I wake up at five in the morning and check my emails and answer any of the questions that have come in due to the time difference with the United States. I then drive to the office while listening to one of my morning playlists which includes a lot of dance tracks.
It is difficult to separate arts from other aspects of my life. However, I do enjoy both, and I am glad to keep them together. I would say it helps me to grow and progress faster as I am always in a creative mode. It helps me find inspiration from small things in life, which is always great when you are working in a creative space.
There are many descriptions of the ideal state of mind for being creative. What is it like for you? What supports this ideal state of mind and what are distractions? Are there strategies to enter into this state more easily?
The goal is to stay active. I used to have creative blocks when I was younger, but my solution came when I started to switch up between things. Nowadays, I love so many different creative areas, I can easily switch from one to another.
If you seem stuck, try something else and come back to it. Otherwise, you are just wasting time.
How is experiencing art and writing or reading about it connected? What do you achieve and draw from each experience personally?
Writing about a piece of art is a very reflective task. It makes you dig deeper into it and appreciate it more. It also tends to bring out a new view on a piece of art and something that potentially did not even cross your mind at first.
Experiencing art opens my mind to new ideas and writing about it allows me to reflect on them. Reading about art allows me to see things I would not have noticed otherwise.
There has been an exponential growth in promotion agencies. What's your perspective on the promo system? In how far is it influencing your choice of artists and topics, in how far is it useful for pre-selection, in how far do you feel it is possibly undermining journalistic freedom?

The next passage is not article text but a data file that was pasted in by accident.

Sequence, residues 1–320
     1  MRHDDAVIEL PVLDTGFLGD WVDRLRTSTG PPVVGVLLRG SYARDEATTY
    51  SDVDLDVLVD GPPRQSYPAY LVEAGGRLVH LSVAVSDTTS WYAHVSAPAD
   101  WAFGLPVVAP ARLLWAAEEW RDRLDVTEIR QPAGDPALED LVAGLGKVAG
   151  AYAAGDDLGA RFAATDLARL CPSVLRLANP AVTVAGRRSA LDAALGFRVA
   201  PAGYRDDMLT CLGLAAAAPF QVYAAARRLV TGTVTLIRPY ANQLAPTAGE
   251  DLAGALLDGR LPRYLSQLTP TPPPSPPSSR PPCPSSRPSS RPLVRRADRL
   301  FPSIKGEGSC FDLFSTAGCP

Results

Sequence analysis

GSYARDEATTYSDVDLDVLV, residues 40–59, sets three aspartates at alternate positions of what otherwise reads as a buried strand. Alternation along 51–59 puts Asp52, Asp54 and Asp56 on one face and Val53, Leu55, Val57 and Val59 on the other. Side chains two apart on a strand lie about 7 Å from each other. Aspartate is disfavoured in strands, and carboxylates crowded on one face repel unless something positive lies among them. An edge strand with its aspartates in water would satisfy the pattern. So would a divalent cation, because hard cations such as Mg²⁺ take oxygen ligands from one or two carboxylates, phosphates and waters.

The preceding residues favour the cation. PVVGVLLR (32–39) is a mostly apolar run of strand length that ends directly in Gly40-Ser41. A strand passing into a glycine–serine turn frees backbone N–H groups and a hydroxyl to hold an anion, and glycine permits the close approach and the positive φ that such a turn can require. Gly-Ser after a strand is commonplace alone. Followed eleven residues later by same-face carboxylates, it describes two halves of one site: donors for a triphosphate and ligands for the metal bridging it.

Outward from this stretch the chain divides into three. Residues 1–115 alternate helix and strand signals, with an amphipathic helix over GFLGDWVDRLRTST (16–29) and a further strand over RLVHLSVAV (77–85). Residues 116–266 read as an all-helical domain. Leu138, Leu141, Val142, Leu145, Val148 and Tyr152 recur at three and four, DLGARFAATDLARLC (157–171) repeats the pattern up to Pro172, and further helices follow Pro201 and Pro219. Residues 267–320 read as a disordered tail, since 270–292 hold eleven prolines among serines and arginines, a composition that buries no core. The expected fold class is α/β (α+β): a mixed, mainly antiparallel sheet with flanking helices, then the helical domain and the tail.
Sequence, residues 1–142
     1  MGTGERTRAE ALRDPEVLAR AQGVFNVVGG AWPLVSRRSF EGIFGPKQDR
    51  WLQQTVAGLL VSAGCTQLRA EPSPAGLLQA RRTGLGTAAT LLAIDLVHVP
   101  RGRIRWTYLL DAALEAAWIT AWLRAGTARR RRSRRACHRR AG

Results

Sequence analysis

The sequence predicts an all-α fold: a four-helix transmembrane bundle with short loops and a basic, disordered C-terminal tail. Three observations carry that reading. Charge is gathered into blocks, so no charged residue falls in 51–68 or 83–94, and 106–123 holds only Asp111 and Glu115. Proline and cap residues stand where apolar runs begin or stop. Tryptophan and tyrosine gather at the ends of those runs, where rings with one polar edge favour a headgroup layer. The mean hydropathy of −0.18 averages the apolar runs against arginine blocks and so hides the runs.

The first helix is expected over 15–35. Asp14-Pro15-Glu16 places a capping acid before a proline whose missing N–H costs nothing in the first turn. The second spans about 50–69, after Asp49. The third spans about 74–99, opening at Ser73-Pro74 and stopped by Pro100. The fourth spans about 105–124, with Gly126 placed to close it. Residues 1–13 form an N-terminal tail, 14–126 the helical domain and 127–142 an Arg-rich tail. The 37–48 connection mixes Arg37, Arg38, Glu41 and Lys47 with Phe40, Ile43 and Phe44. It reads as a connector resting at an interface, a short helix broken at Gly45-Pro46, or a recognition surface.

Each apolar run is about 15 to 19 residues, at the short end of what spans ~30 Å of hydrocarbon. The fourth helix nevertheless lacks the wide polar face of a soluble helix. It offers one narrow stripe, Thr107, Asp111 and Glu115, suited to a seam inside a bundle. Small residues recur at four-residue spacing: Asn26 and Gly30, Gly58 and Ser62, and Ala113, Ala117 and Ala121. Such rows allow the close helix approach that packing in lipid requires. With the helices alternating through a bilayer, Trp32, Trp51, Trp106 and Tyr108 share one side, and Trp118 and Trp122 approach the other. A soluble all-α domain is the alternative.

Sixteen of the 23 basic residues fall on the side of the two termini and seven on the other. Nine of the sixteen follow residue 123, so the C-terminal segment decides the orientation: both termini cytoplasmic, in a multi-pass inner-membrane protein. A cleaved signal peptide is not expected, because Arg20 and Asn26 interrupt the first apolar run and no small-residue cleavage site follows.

The promo system is not a bad idea, but the problem is money is the biggest incentive for companies. This means some promo companies will push anything out, no matter if it has artistic quality or actual value. I believe that one of the most irritating aspects of most promotional companies is the laziness they encourage. Many of these promo companies use mass newsletters to get in touch with editors. They make the editors pay attention to the person they are promoting by using a well-known, respected name, which results in only wasted time reading and anger.
For promo companies to work they must truly collaborate and care about the artists and publications they want to work with. Exclusive features, interviews, and personal feeds of possible topics and artists is the way to go. It takes more effort but works far better. Promo companies cannot expect editors to sift through 300 emails every day and notice them without giving something of value.
In terms of freedom of expression, there are no barriers at Our Culture. No company has managed to alter our content, and we will never do or adjust our tone for them. If we write a negative review, it is honest, we simply do not tiptoe around anyone.
Art can be a purpose in its own right, but it can also directly feed back into everyday life, take on a social and political role and lead to more engagement. Can you describe your approach to art?
I think art for me is a mix; there is not a single way I approach it. It all comes down to what kind of art I am absorbing. I think for me, art is a great way to paint a narrative or express yourself; I love challenging art. I like to be out of my comfort with art. I want my views and feelings to be tested. I tend to not like art that is safe.
It is remarkable, in a way, that we have arrived in the 21st century with the basic concept of cultural journalism still intact. Do you have a vision of journalism, an idea of what it could be beyond its current form?
I believe that it can be enhanced, not necessarily in opinions, but in the way they are presented. My goal is to push forward the presentation of journalistic pieces to make them more accessible. Time is vital when it comes to the digital space. Longer pieces have their place, however we also have to cater to the audience that prefers short and rapidly engaging content. As writers, we must find ways to expand the presentation format and make it more accessible without losing the core of cultural journalism.